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The use of a private planning consultant can be an efficient way of conducting a local planning project. If handled properly, consultants can be a valuable addition to the planning resources of a community. However, like any undertaking, this process has its keys to success as well as potential problem areas. …
The following are what I consider to be ten key elements to successfully getting started on a project that will involve consultants.
1. Know the Law. Many communities have local laws or regulations relating to the selection of consultants; there may also be state laws that come into play. If you have any uncertainty, consult with your legal counsel to understand the legal framework within which you operate before doing anything else.
2. Have Clear Definition of Need for Project. Before you begin a consultant selection process, your department/commission should also be clear about the scope and nature of the project. Too many communities use the consultant selection process as a means to help define a project. Unfortunately, this often leads to widely divergent proposals being submitted, which are quite difficult to compare.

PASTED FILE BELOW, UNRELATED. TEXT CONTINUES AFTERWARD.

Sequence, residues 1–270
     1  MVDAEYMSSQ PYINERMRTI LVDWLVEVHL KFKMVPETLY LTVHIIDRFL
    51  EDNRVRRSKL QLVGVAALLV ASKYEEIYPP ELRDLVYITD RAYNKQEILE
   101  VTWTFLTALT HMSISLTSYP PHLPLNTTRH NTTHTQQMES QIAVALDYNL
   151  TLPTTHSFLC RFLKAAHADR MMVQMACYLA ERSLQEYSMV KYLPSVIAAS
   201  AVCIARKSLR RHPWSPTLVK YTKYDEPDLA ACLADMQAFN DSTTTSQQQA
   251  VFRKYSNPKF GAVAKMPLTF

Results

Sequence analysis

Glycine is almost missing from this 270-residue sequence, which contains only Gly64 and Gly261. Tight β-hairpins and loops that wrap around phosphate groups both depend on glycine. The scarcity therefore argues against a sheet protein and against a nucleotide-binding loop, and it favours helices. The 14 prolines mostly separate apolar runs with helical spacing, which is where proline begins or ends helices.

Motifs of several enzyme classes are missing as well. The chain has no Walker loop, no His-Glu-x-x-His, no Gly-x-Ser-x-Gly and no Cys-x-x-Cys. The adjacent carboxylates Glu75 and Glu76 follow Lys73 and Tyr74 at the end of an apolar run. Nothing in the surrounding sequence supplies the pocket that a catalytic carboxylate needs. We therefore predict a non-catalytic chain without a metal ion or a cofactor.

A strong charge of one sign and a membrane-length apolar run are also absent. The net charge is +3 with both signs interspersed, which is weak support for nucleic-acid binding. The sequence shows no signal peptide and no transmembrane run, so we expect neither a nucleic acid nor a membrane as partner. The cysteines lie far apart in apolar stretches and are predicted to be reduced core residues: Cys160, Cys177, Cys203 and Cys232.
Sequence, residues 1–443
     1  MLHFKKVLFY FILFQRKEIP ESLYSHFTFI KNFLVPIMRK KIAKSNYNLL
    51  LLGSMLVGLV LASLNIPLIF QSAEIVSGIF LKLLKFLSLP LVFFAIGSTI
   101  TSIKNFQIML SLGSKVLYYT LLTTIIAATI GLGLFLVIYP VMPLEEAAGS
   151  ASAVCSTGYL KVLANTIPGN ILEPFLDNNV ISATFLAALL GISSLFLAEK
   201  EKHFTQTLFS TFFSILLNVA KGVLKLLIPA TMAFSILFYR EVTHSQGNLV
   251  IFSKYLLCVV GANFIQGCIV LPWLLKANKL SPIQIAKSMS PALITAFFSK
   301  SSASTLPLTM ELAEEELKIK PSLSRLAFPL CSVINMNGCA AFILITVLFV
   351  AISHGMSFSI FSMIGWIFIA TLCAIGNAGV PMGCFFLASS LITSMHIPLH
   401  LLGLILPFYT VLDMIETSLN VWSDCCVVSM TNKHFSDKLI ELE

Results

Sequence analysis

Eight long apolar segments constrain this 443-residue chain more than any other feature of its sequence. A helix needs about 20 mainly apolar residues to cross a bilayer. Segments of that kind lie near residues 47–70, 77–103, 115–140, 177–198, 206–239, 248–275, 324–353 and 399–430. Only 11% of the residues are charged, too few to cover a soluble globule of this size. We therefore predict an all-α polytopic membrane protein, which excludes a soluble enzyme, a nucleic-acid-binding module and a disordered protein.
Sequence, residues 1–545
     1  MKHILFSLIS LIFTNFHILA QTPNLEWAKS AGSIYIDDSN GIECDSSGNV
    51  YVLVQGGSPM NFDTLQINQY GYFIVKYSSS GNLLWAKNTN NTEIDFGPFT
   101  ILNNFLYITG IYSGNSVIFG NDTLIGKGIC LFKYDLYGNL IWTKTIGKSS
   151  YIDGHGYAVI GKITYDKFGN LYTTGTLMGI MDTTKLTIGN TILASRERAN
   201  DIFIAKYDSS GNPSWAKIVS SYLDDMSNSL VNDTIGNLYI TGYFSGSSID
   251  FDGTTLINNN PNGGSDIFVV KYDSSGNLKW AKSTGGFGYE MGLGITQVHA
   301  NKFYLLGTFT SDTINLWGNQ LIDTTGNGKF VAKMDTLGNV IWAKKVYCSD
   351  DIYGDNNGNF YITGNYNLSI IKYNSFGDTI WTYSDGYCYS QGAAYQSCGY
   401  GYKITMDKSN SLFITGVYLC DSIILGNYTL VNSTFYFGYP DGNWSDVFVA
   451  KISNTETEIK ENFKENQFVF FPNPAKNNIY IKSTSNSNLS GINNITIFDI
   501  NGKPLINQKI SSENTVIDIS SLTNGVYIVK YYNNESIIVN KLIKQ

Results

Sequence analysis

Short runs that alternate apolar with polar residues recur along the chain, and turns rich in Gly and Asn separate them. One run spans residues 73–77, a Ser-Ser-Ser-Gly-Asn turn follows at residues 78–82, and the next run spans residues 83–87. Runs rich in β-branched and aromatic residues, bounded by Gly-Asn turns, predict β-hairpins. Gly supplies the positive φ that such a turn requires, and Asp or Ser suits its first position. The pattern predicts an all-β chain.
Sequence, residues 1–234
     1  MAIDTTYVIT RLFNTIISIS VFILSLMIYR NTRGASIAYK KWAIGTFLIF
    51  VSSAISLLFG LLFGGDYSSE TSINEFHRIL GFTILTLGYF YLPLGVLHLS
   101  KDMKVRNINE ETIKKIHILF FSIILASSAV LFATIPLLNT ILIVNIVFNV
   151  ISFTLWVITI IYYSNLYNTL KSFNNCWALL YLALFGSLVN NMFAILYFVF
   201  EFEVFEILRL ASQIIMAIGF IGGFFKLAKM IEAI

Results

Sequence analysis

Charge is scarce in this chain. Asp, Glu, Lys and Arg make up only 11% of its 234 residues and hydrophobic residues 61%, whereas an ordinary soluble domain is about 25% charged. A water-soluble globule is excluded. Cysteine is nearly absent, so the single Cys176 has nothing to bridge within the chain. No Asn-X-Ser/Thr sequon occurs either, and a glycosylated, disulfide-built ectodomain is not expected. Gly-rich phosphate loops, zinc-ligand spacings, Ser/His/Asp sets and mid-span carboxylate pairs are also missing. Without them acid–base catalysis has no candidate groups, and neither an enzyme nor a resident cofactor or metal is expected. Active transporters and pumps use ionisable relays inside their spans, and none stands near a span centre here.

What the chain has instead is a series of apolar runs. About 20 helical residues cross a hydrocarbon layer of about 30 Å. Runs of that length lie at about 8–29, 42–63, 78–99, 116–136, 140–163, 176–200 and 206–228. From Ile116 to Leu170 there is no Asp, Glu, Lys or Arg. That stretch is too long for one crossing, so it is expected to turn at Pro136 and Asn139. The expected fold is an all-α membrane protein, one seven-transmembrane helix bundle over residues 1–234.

3. Confirm Leadership Commitment. Related to the above, some communities use the proposal process as a way to generate local interest and agreement in engaging in a planning process. Unfortunately, this often results in confusing discussions where some decision-makers are focusing more on whether or not a planning project should be pursued rather than on selecting the most suitable consultant for the community. Before you begin a consultant selection process you should have a commitment on the part of the decision-makers that the project should be undertaken. …
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C. Gregory Dale, FAICP, is a founding Principal with McBride Dale Clarion, the Cincinnati affiliate office of Clarion Associates. He has managed planning projects throughout the country, and is also a frequent speaker at planning and zoning workshops and conferences.
Between 1991 and 2009, Dale authored 31 articles for the Planning Commissioners Journal, including 21 for our Ethics & the Planning Commission series, and others on a variety of transportation and zoning topics. Dale is also a co-author of The Planning Commissioners Guide (American Planning Association, 2013).